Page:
It’s Lincoln’s premier live music venue, but the number of acts visiting the Engine Shed has started to dwindle causing questions about why the venue appeared to be running out of steam.
But fewer acts, according the Engine Shed’s events and programme manager Victoria Simpson, is due to the recession. She explained: “When it started, the 100-250 capacity venues weren’t affected too badly because they’re people that will go out and gig even if they’ve got 3p to their name.”
“The 500-900 were really affected because record labels weren’t taking anyone new, there’s no tour support for anyone, it was really hard for people to get going. No-one was funding any records to get put out etc. The 1,000-2,500s were alright because the bands were already established.”
Lincoln’s Engine Shed is a part of the 1,000-2,500 capacity band, along with venues such as Rock City in Nottingham and all the Academy 1s. But despite coping with the recession well at the start, things have changed since.
“Two years later we’re seeing that all of the people that would have done the 500-900s aren’t there because they weren’t there two years ago. The problem is also that no-one who was doing the 1,000-2,500 venues has got a new album out. So now the only ones that are doing ok are the smaller venues.
“But we’re stuck,” admits Simpson. “It’s not just us, it’s everyone. Norwich are down, all the Academies are down, Rock City’s down, Liverpool Guild is down. Generally live music touring over the past 12 months has been low. Why does this affect us more than the big cities? Because we’re a regional venue and not a big city.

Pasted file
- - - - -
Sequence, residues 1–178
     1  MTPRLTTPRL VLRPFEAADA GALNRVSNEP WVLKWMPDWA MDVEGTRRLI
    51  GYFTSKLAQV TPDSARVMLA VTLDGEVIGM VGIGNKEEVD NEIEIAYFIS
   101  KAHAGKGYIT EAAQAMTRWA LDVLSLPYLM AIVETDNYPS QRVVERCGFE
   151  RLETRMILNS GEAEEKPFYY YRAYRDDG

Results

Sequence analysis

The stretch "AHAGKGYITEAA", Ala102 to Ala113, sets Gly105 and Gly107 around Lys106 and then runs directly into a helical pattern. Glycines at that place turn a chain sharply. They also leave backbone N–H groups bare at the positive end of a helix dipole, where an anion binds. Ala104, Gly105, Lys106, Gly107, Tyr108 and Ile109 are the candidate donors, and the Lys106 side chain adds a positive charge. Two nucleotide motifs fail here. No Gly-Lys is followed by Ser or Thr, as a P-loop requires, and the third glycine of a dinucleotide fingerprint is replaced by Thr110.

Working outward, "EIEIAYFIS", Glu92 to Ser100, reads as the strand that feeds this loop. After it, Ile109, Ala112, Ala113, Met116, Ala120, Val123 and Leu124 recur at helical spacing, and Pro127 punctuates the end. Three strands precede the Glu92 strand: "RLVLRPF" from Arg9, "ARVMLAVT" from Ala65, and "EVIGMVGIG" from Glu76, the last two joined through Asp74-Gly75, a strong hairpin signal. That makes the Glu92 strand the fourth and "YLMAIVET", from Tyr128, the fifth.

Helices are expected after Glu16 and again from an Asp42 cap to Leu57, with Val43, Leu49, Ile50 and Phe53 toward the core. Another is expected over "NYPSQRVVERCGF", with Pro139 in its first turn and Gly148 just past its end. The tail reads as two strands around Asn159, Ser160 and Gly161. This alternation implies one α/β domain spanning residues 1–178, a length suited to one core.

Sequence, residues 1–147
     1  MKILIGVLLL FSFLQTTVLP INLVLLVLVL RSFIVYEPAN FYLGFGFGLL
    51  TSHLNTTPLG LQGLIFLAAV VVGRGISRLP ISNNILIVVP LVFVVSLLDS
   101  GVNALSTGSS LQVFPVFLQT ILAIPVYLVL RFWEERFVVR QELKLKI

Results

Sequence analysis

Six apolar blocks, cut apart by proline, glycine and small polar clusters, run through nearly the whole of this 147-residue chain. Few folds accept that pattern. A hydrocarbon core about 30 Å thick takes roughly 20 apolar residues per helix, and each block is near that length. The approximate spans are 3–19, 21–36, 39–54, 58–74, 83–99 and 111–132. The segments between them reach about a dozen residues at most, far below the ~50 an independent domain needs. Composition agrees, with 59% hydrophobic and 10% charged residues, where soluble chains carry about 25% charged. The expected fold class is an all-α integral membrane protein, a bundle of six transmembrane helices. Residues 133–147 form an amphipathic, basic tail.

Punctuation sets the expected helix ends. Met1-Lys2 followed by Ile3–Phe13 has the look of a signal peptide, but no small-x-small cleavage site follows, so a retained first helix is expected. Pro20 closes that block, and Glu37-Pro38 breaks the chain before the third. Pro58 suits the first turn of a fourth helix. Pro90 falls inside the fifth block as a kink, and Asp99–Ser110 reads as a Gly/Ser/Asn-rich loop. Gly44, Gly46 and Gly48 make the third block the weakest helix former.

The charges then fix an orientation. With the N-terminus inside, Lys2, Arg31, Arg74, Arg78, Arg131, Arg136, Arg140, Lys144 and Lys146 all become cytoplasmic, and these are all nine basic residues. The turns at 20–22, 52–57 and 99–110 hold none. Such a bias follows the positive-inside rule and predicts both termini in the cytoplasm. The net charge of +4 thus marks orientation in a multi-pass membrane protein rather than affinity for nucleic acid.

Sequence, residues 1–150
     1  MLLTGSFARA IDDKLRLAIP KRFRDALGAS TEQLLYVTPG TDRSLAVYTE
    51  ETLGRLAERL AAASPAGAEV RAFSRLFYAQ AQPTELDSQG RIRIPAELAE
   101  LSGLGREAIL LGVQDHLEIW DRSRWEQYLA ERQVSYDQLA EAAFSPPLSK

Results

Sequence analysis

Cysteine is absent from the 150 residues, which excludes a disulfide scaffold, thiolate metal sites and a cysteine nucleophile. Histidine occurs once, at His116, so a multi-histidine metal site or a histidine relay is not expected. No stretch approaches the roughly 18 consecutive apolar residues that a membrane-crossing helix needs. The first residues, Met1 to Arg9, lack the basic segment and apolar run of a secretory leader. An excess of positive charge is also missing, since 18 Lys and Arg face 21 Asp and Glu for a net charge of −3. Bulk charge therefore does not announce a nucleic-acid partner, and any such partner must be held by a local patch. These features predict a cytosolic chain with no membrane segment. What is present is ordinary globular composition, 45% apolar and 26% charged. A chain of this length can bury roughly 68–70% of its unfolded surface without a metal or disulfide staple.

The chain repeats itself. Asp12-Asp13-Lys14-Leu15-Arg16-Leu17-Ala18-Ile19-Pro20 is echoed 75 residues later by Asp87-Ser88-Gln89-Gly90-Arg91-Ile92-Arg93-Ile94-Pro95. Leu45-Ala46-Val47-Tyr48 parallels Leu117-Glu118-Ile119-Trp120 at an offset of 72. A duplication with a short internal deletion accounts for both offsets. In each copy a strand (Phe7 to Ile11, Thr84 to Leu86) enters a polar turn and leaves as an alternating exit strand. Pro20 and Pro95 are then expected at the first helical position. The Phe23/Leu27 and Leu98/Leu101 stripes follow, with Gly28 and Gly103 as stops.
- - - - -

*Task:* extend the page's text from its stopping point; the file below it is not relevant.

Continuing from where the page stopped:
“We will get shows when bands are doing either larger tours or smaller tours but they want to go regional. We started on a really good run — we’re being affected by the recession and by the amount of risk that people are wanting to take,” she said.
Despite the Engine Shed being a 1,700 capacity venue, there has been a number of shows for which a wall was erected to split the room in two. This gave a 500 person capacity and a more intimate gig for both fans and artist alike. So why not book smaller bands to play the split venue?
“What managers and agents want their bands to do is work their way up,” says Simpson. “So, they sell out Academy 3, sell out Academy 2, sell out Academy 1. They want bands to take these natural steps.
“The problem we’ve got is that it’s the Engine Shed and it’s always going to be the Engine Shed. If a band plays a 500 cap in the Engine Shed they can’t say they’ve sold it out and that’s really important to them.”
Simpson, however, does has a solution to this problem.
“What I want to do is have a second room, I think it’s vital because we need to feed the Engine Shed with bands coming up. If the bands were coming earlier they’d be able to establish their market with the local population, they could build a fan base and then they can come back and know they’ve got that.
“What I want to do is turn the upper Tower Bar into a second room and call it The Platform. I’d want it as a 500 capacity.”
The plans for ‘The Platform’ are in the long-term and may never come to fruition. But the need for a second room becomes ever more apparent as the vast majority of smaller touring bands miss Lincoln completely. Despite this, Simpson said that she has more spots saved in her diary for next year than she did at this time last year, so things could be looking up for the Engine Shed.Tweet